Naked Blonde Ale: Brew Day

As suggestive as the name of this beer sounds, it is really just an ingredient exploration brew using Simpsons Golden Naked Oats in a basic blonde ale, hence “Naked”  Blonde. I have only used oats once before in brewing, and that was flaked oats in an oatmeal stout (when I was a beginner brewer). Thus, to understand the flavor, color and aroma Golden Naked oats malt contributes in a beer, I thought of preforming an experiment by throwing them in a basic blonde ale grist. Since blonde ales have a low malt and hop presence to start, the Golden Naked oats should be apparent, especially at above 10% in the grist (see recipe below).

Update! Linked here are the tasting notes. In short, the Golden Naked Oats are quite interesting.

Golden Naked Oats Simpsons Maltings, the maltings which produces Simpsons Golden Naked oats, states on their website ( that Golden Naked Oats are a “husk-less oat crystal malt”, and is an “exotic ingredient for subtle nutty difference,” with a color of 4-8 L. Exotic? I’m instantly interested. A nutty blonde? We will see. Similarly, reading the descriptions found on few homebrew shop websites say the Golden Naked oats have a nutty/berry type flavor contribution and satiny finish. I’m still excited.

Below are the pics of the brew night, as well as the recipe used (mileage may vary given your brew setup). Once packaged, I plan to bring a few of these to an Austin Zealots brew club meeting. Brewing and tasting notes coming soon, stay tuned!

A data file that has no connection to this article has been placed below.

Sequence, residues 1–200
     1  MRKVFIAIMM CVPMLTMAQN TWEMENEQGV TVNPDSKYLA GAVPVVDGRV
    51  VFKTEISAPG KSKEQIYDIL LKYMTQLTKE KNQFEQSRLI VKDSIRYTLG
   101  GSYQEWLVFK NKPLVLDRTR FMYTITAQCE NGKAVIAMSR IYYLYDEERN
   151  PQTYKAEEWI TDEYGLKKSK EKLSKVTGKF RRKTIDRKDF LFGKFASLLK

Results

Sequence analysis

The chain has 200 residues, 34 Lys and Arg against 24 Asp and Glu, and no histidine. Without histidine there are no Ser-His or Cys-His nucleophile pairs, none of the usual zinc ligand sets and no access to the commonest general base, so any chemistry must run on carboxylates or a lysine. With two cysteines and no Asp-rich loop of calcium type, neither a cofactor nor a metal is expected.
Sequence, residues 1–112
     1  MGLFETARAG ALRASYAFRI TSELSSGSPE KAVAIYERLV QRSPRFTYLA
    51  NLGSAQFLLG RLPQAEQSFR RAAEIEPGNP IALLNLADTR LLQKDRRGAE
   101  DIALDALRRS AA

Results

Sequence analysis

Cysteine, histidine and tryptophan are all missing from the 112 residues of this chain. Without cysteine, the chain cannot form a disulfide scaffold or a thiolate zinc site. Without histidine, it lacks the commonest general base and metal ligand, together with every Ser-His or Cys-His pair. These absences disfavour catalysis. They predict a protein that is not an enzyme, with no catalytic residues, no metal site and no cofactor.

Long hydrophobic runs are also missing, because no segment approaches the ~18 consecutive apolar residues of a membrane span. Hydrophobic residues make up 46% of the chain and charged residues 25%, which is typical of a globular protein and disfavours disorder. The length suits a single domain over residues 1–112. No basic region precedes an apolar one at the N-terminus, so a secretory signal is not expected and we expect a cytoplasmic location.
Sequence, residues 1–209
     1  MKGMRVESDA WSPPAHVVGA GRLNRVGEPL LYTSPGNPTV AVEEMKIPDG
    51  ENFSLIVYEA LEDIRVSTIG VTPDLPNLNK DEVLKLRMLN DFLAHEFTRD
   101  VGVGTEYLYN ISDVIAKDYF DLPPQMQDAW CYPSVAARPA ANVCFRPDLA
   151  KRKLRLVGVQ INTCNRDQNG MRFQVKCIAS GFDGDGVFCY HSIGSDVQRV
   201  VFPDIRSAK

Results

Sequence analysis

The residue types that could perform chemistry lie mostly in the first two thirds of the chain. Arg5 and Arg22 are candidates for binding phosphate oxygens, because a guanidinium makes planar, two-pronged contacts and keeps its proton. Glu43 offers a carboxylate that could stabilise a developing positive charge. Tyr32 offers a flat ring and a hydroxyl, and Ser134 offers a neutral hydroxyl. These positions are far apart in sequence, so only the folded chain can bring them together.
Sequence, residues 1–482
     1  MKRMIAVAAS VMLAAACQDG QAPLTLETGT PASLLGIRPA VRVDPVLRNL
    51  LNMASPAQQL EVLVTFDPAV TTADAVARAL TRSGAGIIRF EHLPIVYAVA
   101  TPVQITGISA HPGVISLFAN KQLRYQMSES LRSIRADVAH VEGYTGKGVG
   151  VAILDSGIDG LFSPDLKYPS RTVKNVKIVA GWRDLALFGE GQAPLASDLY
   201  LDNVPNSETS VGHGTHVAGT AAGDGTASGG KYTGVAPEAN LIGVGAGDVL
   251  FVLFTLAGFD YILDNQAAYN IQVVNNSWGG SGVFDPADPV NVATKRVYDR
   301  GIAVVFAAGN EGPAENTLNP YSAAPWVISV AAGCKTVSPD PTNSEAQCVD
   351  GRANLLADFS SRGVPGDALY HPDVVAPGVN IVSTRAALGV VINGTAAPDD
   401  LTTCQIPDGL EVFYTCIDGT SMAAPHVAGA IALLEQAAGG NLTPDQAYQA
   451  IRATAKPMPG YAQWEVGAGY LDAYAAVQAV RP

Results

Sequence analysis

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Recipe: “Naked” Blonde Ale
2.5 Gallon Batch, all-grain
Stats: OG 1.044 FG 1.008 ABV ~5% IBU ~15, 85% mash efficiency

4 lbs American 2-row
8 oz Simpsons Golden Naked Oats (~12%)

Single-infusion mash at 148 F for 60 minutes

Boil additions of Cascade @ 60, 15 min to get to 15 IBU

1 packet of Fermentis Safeale US-05

Good clean water. My water is the city of Austin, so I adjusted it with a little gypsum to get the mash pH spot on.

4 thoughts on “Naked Blonde Ale: Brew Day

  1. Pingback: Big Oatmeal Stout: Tasting Notes | The Apartment Homebrewer

  2. Pingback: Naked – Bonde Ale « Bishop's Beer Blog

  3. I find 2.5 gallons is a safe bet when experimenting with homebrew, producing about a case a beer. Also, I find when experimenting, good brewing practices prevent bad beer, although the experimental brew may not be your favorite.

  4. In regards to the golden naked oats, for a subtle flavor (mostly a blonde ale with some hints of nut/berry), I would go with 5-10%. For a big golden naked oat presence, I went with 12%. In the future, I would use restraint (~5-7%), but for a one-off-experiment, 12% is fun.

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